Jason Giddings wants to build a touch keyboard and mouse built in glass--and it looks like he'll be able to meet his $50,000 goal.
As stunning as the design of the keyboard and mouse may be, it may even be more amazing that Giddings is using a fairly simple technology to make it work. He uses a technology called FTIR (Frustrated Total Internal Reflection). LEDs placed on the frame of the glass surface send infrared light through the glass, which is reflected to cameras built into the keyboard base. The cameras determines the location of the touch and sends the data to the computer. There is no information on how fast and accurate the process is; and there is no haptic feedback, so the user would have to look at a screen to see whether or not a key target has been hit.
As of Tuesday morning, Giddings had collected only $5000. By noon, the number had jumped to $36,700 and 150 people who are convinced that the idea is compelling enough to spend money on. 11 people gave $150 to receive a future touch mouse, 12 gave $250 to get a touch keyboard, 76 gave $350 to get both and 3 people gave $1200 to get prototype and production units.
(Also, how hard is it to integrate small motors into the keyboard's base so that when you press a key it fools your brain into thinking you hit it? That tech's been on smartphones for years!)
Funny, I always turn that off. Why do you need the phone to vibrate to know you've hit a key? You're looking right at the phone while you type! The click sound, letter highlighting, and actual typing on the screen aren't enough? With how quickly someone like me types on a desktop sized keyboard, the sensation would quickly become aggravating, as it would simply feel like a steady vibration. Not to mention, I think it would numb your wrists after a while.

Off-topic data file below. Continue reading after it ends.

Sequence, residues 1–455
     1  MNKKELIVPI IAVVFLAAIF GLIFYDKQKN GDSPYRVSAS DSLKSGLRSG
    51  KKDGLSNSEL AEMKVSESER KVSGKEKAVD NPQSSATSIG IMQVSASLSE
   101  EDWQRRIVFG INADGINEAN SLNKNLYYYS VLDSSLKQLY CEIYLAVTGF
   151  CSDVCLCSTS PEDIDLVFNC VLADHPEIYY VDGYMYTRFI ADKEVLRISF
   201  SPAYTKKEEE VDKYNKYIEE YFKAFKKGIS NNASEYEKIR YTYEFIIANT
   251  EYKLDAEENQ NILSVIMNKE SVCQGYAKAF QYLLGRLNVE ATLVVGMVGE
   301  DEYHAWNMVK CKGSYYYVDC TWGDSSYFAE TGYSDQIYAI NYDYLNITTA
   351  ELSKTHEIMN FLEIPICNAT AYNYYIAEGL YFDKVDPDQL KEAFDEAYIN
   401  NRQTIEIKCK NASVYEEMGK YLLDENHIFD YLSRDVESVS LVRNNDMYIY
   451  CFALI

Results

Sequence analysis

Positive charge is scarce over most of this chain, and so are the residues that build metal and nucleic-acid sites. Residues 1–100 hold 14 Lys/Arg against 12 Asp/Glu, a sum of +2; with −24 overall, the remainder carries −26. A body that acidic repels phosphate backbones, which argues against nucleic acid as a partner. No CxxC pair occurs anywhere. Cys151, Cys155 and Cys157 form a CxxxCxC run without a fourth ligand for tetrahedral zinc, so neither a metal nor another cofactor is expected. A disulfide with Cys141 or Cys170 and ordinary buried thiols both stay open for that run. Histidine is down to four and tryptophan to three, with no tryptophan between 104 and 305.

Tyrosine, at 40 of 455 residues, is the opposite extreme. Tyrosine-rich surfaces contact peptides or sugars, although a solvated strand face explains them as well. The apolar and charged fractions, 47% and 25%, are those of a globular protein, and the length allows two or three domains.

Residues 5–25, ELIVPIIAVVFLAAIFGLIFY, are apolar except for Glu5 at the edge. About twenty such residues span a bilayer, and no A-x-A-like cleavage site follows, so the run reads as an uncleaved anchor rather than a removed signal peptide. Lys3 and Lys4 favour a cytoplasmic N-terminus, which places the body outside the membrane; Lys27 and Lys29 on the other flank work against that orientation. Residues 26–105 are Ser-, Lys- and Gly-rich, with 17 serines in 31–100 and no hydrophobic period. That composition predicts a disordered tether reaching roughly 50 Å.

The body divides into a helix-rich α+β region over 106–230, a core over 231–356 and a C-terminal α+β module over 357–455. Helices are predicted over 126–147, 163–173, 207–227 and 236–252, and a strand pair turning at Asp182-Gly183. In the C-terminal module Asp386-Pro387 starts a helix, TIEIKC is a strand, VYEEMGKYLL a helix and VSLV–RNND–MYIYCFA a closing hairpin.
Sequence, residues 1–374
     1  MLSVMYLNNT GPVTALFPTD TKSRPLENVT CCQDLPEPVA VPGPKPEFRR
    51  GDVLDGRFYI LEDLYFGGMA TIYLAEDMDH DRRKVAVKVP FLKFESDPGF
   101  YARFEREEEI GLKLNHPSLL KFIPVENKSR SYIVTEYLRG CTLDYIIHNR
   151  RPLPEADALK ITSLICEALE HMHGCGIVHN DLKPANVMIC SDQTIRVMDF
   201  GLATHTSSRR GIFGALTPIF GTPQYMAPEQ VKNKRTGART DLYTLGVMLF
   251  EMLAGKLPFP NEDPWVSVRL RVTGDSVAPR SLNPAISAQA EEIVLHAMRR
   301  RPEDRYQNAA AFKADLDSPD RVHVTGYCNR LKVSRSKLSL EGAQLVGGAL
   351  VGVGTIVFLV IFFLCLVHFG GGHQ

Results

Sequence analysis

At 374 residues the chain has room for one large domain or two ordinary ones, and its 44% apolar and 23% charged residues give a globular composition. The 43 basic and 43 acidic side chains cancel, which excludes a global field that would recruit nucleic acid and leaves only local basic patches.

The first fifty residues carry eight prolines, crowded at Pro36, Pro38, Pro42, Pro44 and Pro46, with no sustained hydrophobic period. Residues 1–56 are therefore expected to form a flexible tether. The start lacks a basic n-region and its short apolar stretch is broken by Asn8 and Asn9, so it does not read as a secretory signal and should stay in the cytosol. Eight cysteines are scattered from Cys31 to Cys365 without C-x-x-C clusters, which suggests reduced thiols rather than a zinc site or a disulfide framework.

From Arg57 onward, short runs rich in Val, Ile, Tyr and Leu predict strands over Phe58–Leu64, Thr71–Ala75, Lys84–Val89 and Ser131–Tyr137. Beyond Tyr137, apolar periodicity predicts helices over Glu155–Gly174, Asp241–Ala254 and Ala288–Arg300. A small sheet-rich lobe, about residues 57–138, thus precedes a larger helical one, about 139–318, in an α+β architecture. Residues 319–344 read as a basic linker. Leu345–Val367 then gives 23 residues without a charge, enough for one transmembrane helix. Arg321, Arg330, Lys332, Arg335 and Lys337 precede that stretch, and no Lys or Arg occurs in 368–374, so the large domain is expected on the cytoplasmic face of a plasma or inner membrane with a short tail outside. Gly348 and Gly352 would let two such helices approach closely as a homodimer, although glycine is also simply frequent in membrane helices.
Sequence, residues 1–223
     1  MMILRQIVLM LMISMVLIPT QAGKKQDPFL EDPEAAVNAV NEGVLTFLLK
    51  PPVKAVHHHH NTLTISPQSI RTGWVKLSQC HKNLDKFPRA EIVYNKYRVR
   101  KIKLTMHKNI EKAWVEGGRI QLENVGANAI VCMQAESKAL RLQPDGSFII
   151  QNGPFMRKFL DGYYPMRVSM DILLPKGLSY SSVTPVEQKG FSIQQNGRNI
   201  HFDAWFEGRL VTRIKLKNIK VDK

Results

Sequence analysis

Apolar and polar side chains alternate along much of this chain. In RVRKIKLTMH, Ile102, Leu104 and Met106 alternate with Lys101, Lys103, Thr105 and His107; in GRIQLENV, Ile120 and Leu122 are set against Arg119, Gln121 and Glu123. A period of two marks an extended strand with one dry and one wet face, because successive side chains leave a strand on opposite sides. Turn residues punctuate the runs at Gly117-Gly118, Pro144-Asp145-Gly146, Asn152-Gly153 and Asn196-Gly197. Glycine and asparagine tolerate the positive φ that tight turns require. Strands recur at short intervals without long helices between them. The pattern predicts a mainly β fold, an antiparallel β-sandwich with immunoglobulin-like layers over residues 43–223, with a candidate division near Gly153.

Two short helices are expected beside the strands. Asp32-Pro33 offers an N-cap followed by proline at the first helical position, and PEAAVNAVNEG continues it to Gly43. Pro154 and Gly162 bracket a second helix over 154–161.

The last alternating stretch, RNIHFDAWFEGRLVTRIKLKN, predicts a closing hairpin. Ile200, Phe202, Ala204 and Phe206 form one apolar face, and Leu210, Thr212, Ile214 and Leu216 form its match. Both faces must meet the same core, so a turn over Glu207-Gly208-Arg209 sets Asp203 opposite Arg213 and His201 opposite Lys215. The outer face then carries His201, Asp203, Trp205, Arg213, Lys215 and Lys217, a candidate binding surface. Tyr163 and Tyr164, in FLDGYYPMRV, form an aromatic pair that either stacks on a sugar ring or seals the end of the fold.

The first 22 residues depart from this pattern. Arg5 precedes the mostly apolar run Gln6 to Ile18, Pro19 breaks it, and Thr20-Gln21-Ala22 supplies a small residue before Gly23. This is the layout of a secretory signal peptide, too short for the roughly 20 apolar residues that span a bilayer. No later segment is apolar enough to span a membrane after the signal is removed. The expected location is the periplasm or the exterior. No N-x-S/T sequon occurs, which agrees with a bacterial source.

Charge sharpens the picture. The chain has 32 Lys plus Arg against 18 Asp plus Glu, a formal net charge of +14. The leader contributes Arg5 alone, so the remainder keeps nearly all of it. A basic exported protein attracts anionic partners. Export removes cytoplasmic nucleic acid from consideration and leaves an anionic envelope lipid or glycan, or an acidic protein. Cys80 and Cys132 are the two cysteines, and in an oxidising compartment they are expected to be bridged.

Also, I think it's kind of ridiculous to look at this concept and complain it doesn't have enough features. Last I checked, they don't build smartphone tech on kickstarter budgets.
Judging by the looks, it should drive Apple fans wild.
Better question, why do people think tech for smartphones/tablets/laptops/desktops would be great to incorporate into smartphones/tablets/laptops/desktops? Just because it works great for one thing does not mean it is best to bring it to the other. Denim works great for jeans, but I wouldn't think about wearing a t-shirt made out of denim because that just doesn't work.
You spelled price wrong.